UBC Theses and Dissertations

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UBC Theses and Dissertations

Affordable housing through affirmative zoning Malong, Julieta M. D.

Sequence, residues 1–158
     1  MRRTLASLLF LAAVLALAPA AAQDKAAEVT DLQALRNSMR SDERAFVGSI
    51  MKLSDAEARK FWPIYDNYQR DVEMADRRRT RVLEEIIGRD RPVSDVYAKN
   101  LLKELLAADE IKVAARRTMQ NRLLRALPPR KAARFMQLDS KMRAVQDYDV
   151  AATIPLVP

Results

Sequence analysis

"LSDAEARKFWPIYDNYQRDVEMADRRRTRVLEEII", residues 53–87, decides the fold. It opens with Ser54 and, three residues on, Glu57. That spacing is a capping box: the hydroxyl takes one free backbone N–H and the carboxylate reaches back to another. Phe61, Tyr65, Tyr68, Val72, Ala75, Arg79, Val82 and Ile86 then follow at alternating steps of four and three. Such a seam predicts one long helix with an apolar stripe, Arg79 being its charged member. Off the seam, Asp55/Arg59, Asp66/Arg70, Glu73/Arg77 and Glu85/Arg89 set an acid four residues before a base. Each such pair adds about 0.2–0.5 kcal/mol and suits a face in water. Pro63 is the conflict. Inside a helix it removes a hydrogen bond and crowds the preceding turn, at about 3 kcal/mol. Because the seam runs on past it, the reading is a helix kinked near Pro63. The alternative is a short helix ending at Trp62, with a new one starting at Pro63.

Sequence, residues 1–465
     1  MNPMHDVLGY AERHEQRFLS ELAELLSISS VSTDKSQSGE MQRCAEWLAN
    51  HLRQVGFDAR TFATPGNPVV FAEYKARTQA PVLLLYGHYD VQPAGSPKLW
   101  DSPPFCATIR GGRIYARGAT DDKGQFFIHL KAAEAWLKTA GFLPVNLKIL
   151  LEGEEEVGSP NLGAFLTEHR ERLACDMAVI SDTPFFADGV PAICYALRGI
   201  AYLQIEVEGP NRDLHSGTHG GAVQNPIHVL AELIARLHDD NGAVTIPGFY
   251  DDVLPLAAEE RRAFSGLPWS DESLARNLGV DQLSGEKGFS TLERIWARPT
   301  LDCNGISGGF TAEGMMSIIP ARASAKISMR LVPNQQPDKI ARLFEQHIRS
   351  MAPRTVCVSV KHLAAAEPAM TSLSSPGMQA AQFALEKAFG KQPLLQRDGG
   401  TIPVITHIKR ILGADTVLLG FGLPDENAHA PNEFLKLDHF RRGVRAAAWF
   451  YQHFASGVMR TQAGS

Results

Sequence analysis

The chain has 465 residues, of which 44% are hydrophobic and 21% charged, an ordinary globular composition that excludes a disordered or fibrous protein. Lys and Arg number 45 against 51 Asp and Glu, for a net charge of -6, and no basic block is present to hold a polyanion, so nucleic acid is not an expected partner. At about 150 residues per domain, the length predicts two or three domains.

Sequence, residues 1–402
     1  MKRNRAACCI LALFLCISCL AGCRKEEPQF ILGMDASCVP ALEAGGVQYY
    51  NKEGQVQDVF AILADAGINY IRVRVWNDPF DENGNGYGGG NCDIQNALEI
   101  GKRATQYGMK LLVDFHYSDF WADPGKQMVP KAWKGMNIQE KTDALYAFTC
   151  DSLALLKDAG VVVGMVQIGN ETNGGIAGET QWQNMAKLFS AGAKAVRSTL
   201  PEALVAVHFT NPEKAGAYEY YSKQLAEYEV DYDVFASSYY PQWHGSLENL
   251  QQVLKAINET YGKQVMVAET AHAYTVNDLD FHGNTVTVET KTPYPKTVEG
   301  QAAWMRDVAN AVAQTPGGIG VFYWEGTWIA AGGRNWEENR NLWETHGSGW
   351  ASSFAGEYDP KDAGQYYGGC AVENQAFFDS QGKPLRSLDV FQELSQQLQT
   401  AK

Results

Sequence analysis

The delivery of social housing is consistently plagued with problems ranging from reduced budget allocation, scarcity of adequately zoned lands and neighborhood opposition. Though limited, provincial funding is still available in BC. However, land acquisition remains a problem. Municipal governments are recognized to have the influence to increase the amount of land for affordable housing projects through the use of zoning by-laws. This thesis argues that the exclusionary character of the municipal zoning by-law does not encourage the creation of affordable housing units. Amendments to the Municipal Act under Bill 57 which allow BC municipalities to negotiate with developers to set aside some units as affordable through density bonusing and inclusionary zoning do not also guarantee that units can be created. Both strategies are dependent on the performance of the market place. This thesis explores an alternative form of affirmative zoning as a possible municipal initiative that can facilitate the creation of affordable housing units by reviewing governments' activities in affordable housing provision and by looking at Surrey as an illustrative case. The alternative form calls for the amendment of the zoning by-law to include a specific zone for affordable housing and pre-zoning of vacant municipal-owned lands for affordable housing. By adopting this strategy, a municipal government departs from its traditional reactor role. Surrey has demonstrated that in order to adopt affirmative zoning, a municipality has to be governed by a socially-committed council who should bring affordable housing provision as a visible component in the municipal agenda. The case also shows that the process has inherent constraints. The provincial government may prohibit councils from identifying affordable housing as a distinct zone while neighbourhoods can still mount strong opposition against the process. Senior governments may start to "dump" social housing projects in municipalities that have adopted this mechanism. With this mechanism in place, a municipal government may expect to accommodate additional population and consequently, an additional demand on municipal resources and services. However, the adoption of the strategy can provide municipal governments with an alternative option, enhance the planning process, foster public acceptance of affordable housing projects, and shorten the approval process. Two lessons are drawn from this thesis: • municipal resources can be re-directed to facilitate the process of creating affordable housing units and • planners and decision-makers should assume a progressive philosophy, leadership and social commitment to ensure that the strategy works.

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